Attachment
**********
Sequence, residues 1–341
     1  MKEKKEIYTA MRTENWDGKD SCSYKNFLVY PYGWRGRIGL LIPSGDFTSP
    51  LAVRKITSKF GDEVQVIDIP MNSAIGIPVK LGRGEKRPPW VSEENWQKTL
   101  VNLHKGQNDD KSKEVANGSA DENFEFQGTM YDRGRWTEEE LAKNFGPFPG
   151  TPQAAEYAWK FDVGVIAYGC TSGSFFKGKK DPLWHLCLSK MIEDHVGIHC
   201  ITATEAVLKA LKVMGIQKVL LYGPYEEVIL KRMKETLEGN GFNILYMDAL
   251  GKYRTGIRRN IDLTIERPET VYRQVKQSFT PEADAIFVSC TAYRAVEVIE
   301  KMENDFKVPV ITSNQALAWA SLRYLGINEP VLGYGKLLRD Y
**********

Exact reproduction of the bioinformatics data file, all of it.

Sequence, residues 1–341
     1  MKEKKEIYTA MRTENWDGKD SCSYKNFLVY PYGWRGRIGL LIPSGDFTSP
    51  LAVRKITSKF GDEVQVIDIP MNSAIGIPVK LGRGEKRPPW VSEENWQKTL
   101  VNLHKGQNDD KSKEVANGSA DENFEFQGTM YDRGRWTEEE LAKNFGPFPG
   151  TPQAAEYAWK FDVGVIAYGC TSGSFFKGKK DPLWHLCLSK MIEDHVGIHC
   201  ITATEAVLKA LKVMGIQKVL LYGPYEEVIL KRMKETLEGN GFNILYMDAL
   251  GKYRTGIRRN IDLTIERPET VYRQVKQSFT PEADAIFVSC TAYRAVEVIE
   301  KMENDFKVPV ITSNQALAWA SLRYLGINEP VLGYGKLLRD Y